By Chris Graeme
QUALIFICATION, RATIONSLISATION, reorientation and infrastructure are the four watchwords for Portugal’s competitiveness on the road to economic recovery.
Addressing several hundred members and guests of the Spanish-Portuguese Chamber of Commerce, the Secretary of State for Regional Development, Dr. Rui Nuno Baleiras said the next cycle of cohesion (2007-2013) had an overriding objective: “to increase the competitiveness of the Portuguese economy.”
Talking at the Hotel Meridian, Dr. Baleiras said that great challenge and design was being promoted through four main policy thrusts:
• Improving the qualifications and training for young Portuguese people in in-demand areas, such as science, maths, technology, computing, research and development.
• Reducing public administration costs and red tape, which were damaging the economy and Portuguese business.
• Reorientation of the productive profile of Portuguese companies by focusing on trans-border and trans-market transactional goods and services, while promoting an increase in value and development in Portugal.
• Improving infrastructure networks throughout the country whether roads, rail or internet and communications to create an atmosphere to attract economic activity and investment.
Of these, concentration and selectivity in the areas of help the government was prepared to give from public money would be imperative, concentrating financial resources in key areas to promote value, innovation and competitiveness.
“The choice of economic activities that the government and EU will be willing to fund will, in future, be more focused and restricted in the next cycle of cohesion,” he said.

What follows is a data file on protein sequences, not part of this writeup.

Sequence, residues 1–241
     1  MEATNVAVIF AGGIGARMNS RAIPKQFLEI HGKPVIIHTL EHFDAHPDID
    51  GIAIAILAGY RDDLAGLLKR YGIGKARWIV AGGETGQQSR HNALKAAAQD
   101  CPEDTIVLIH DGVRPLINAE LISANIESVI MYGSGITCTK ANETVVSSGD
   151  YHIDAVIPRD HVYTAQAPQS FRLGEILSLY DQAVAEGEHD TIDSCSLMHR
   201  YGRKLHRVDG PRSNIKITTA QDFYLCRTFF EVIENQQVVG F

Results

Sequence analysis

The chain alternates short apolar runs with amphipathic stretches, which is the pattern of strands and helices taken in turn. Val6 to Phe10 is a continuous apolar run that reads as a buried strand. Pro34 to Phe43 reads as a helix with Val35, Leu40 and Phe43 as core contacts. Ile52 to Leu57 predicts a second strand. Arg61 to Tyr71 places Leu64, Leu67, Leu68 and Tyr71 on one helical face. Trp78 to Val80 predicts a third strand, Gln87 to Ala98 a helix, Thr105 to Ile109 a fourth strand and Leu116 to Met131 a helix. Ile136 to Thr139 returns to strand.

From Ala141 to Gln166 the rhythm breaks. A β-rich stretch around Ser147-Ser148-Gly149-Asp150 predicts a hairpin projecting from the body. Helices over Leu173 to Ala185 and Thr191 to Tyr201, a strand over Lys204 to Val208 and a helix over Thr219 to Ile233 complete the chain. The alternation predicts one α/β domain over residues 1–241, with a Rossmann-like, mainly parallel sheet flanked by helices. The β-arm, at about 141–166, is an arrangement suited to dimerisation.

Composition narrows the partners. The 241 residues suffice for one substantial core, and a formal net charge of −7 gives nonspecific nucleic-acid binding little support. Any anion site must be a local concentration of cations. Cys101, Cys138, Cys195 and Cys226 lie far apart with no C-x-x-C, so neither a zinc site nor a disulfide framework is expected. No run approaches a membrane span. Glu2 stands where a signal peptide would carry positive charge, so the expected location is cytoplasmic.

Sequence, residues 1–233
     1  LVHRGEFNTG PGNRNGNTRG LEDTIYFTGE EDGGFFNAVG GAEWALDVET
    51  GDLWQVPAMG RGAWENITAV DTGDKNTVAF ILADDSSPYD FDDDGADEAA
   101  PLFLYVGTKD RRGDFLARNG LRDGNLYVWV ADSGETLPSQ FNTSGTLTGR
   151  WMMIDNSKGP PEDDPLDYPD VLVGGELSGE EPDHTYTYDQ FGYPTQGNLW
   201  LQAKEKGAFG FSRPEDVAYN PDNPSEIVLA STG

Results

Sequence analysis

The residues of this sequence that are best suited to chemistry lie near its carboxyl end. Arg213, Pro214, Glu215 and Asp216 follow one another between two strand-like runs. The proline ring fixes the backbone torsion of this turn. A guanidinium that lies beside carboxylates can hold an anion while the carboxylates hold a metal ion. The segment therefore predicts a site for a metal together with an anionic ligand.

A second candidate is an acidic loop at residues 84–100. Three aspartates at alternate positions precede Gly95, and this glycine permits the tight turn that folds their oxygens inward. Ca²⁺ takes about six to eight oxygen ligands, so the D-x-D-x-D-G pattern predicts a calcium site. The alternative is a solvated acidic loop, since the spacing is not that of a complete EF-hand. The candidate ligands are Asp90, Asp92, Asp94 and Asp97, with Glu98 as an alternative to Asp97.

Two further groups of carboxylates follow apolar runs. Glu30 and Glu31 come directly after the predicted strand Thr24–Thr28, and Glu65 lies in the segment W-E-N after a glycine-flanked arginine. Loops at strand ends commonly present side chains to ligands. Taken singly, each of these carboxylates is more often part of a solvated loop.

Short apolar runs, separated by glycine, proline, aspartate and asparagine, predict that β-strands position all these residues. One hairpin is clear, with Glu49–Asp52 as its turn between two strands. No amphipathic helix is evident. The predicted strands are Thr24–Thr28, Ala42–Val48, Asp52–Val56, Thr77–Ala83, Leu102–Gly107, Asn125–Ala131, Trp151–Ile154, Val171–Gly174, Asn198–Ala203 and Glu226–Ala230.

Above all, the innovation, modernisation and qualification of companies would be at the forefront of the government’s policy to stimulate innovation and the capacity and quality of production in dynamic sectors of international demand.
This meant stimulating the internationalisation and re-organisation of companies, their management and workforce through modern techniques and working practices, digitalisation, research and development, improved production techniques, streamlining, efficiency, improved energy consumption and installation of quality systems.
The Minister said that trans-border co-operation between Spain and Portugal was “excellent” and, according to the European Commission, trade and co-operation links between Portugal and Spanish provinces were “the best in the European Union”.
“At a regional level, co-operation and trade between small and medium-sized companies and câmaras contribute to the excellent level of relations between Spain and Portugal today,” he concluded.